When your trip goes awry – Part 2

Departing Flight
You never want to see your departing flight from outside the aircraft…

Here I am, waiting for my new flight after my original flight to Orlando via Atlanta was cancelled.

So what’s going through my mind as I wait for a second time?

  • An irrational need to try and find an outlet and make sure my laptop, phone and tablet are all charged. This day has offered up too many surprises already. I need to be prepared for anything, or so I think.
  • A hyper-focus on how I’m feeling. Sure, I’ve felt better and not being able to talk isn’t fun, but why do I keep thinking I’m going to feel worse than I do because of a longer trip?
  • A question: Why did the Southwest Airlines plane I see out the window just do a loopty loop on the tarmac? It made a full 360 degree turn and now it is stopped 150 yards from the terminal, waiting much more patiently than I am.
  • Stress about what seats I’ll have on these new flights.
  • Control. Why such an obsession with control?

The latter two points cause me to head to the gate for my new flight and hang around for the non-existent representative so I can nail down my seat and get my boarding pass. After 15 minutes here pondering the above thoughts with no gate agent in sight, I get an email from my travel person.

She’s booked me the exit row and I’m all set to go. Yay! Since I still have an hour until departure, I decide to hunt down an electrical outlet (see the first point above). I finally find one several gates down from mine where I am now typing all this.

I look at my watch. Time to head to the gate for boarding. I get to the gate and wait and wait in front of the desk in a line that has formed in the few minutes I’ve been away. I finally talk to the representative, but by now the plane is halfway boarded. I tell her I need my boarding pass because I was rebooked on this flight.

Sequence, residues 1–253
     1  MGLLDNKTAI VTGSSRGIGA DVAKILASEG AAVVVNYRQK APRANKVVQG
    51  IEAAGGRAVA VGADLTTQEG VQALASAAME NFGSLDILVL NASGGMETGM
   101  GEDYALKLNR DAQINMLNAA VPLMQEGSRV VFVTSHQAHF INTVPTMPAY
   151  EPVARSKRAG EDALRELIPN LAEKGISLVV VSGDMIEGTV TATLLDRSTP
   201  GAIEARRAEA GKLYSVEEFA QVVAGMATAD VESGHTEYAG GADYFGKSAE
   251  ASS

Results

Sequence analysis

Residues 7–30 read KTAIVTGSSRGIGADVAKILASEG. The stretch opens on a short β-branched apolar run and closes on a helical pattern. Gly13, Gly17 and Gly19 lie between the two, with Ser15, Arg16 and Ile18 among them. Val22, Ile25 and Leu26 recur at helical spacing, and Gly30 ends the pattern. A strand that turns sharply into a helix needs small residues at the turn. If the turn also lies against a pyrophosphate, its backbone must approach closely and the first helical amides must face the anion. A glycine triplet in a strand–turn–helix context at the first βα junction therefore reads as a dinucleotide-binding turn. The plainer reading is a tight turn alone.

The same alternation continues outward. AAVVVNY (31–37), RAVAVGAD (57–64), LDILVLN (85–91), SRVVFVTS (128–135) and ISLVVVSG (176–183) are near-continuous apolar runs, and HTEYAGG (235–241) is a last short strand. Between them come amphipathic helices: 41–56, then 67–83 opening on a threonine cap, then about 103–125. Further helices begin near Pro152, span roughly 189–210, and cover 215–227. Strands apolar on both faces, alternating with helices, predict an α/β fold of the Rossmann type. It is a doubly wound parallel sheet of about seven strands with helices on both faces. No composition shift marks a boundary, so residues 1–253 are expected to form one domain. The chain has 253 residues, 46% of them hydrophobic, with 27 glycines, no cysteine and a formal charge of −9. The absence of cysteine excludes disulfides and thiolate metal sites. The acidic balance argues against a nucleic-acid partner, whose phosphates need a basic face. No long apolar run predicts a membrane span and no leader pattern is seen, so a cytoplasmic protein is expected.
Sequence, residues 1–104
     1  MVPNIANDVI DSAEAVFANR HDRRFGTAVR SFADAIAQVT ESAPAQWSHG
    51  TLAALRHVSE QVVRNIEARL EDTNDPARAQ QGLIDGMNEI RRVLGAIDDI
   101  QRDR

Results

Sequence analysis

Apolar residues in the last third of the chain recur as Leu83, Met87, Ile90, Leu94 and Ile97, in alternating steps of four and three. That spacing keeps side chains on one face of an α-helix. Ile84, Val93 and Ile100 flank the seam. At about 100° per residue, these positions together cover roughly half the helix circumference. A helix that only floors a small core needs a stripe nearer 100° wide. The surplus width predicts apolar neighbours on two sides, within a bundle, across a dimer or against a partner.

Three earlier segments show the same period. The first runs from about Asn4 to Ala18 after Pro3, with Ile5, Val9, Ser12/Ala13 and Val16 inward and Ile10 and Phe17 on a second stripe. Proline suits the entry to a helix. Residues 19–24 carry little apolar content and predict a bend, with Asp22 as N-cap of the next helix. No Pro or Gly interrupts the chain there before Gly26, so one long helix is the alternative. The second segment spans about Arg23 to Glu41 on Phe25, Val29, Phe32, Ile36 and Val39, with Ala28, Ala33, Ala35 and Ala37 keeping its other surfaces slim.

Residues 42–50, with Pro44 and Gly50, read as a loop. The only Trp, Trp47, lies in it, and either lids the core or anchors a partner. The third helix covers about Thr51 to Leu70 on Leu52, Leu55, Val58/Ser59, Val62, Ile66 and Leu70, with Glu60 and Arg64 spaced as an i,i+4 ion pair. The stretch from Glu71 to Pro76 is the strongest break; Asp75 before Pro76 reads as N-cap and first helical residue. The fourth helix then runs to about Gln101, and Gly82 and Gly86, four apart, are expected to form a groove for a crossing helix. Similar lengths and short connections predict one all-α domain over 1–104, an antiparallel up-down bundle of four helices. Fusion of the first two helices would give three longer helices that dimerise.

She looks on the computer then tells me I’m not on this flight.

She says has no confirmation and informs me the flight is full. “All fifty seats are taken,” she adds for emphasis as if “full” wasn’t clear enough.

I’m stunned but explain the first flight’s cancellation and how they rebooked me just an hour ago. She finds the reservation but repeats more firmly this time that it wasn’t confirmed (her emphasis) and there are no seats available on the flight. She’s not only dismissive, she’s borderline rude. She informs me it is all Delta’s fault and I need to go back to Delta.

I mumble a less-than-genuine “thank you” as I walk away, a bit incensed. I call my travel person who reminds me that she has emailed me the confirmation and even reserved the seats so how could I not be confirmed in the system? She’s no happier with American at this point than I am.

I go back to the counter and show the rep my email confirmation, all to no avail. She tells me again that Delta should have called her at the desk earlier to confirm. I refrain from noting that no one was at the desk earlier nor do I point out that airlines use these things called computers for a reason.

Instead, I just look at her like a lost puppy, both of us knowing there’s nothing she can do at this point as another American employee closes the boarding door behind her.

She lets slip a perfunctory “I’m sorry.” Maybe she means it, but I’ve already moved away from the counter, thanking her but not sure what for.

I want to cry.

I know that sounds pathetic, but with this cold and being tired from a long week so far of travel and meetings, that’s how I feel. I call my travel person who is graciousness personified. Again, I’m back to waiting for someone else to solve my problems, all eventualities out of my control.

I will soon discover just how out of control they are.

To be continued…

If you haven’t yet, be sure to check out Part 1

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